"Remember, remember, the fifth of November; gunpowder, treason and plot.
I know of no reason why gunpowder treason should ever be forgot."
science fiction authors write of the future, they stage
it in one of three ways – all of which have become archetypes
of the genre in recent times. The first is the utopia: either
a paradise of technological or philosophical perfection,
or a world that is very much like our own, yet peppered
with asides and one-liners reassuring us that the problems
of today will be cured in the future. Star Trek provides
an example of the former; Arthur C Clarke's The Fountains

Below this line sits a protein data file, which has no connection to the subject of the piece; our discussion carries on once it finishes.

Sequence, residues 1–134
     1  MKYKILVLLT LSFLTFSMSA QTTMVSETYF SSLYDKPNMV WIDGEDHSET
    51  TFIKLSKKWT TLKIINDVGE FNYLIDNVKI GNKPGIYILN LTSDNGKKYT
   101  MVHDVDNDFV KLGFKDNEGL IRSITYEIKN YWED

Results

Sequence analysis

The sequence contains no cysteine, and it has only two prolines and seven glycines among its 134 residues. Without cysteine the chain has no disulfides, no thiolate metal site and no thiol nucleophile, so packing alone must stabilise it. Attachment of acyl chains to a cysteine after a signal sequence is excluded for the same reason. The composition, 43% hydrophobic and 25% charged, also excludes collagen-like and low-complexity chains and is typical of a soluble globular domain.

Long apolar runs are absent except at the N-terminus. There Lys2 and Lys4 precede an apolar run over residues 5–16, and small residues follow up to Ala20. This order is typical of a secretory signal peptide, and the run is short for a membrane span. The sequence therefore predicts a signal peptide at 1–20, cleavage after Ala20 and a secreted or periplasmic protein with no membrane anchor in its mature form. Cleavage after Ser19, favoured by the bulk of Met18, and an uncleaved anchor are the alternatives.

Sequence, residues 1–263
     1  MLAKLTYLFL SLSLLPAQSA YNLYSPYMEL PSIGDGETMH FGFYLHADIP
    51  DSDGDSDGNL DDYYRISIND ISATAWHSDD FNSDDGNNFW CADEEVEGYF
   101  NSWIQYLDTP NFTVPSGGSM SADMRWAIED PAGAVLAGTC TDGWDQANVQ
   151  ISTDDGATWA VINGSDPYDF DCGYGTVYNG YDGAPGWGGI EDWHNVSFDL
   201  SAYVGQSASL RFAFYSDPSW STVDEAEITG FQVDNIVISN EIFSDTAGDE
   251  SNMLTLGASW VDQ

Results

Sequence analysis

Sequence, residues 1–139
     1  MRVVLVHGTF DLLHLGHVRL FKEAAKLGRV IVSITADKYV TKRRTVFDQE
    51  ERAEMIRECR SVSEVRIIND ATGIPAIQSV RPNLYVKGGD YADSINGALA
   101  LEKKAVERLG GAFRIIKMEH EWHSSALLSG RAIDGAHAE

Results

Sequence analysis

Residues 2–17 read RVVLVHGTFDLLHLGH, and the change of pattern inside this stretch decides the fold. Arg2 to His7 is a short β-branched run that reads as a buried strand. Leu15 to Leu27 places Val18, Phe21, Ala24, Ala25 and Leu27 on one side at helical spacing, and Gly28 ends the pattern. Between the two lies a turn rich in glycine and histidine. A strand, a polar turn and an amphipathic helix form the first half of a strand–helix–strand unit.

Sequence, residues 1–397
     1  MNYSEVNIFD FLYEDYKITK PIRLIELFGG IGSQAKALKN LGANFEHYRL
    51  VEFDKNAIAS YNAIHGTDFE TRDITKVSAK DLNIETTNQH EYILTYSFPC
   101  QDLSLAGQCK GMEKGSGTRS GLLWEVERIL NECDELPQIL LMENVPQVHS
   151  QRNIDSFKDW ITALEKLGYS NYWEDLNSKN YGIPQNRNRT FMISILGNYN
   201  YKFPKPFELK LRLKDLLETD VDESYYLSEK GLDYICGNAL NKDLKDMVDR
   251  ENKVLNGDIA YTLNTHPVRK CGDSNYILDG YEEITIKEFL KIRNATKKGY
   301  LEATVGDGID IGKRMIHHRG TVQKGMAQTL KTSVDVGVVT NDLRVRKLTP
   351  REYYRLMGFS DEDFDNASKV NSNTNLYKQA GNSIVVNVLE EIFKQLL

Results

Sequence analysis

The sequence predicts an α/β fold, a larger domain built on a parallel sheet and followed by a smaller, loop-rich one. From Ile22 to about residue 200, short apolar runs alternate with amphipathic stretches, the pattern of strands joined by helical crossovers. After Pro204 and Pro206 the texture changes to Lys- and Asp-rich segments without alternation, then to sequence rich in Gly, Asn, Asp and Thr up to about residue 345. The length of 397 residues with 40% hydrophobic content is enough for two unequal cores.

of Paradise gives us the latter. The second archetype
is the faux-utopia: the world may seem very much like it
is today, but – as most stories built around this vision
go – there's something rotten in Denmark. The Matrix provides us with the perfect example of this. The third
archetype, and arguably the most popular, is the dystopia.
In such a future, the world as we know it has changed terribly.
Evil men are in power; there are secret police lurking around
every corner; your every action is watched, monitored and
stored to later incriminate you in a crime you didn't commit.
can't comment on a dystopian plot without mentioning the
father of them all: George Orwell's now-legendary Nineteen
Eighty-Four. Orwell postulated the inevitable end result
of the growing "nanny state mentality," with one stroke
defining the archetype and providing us with a dire warning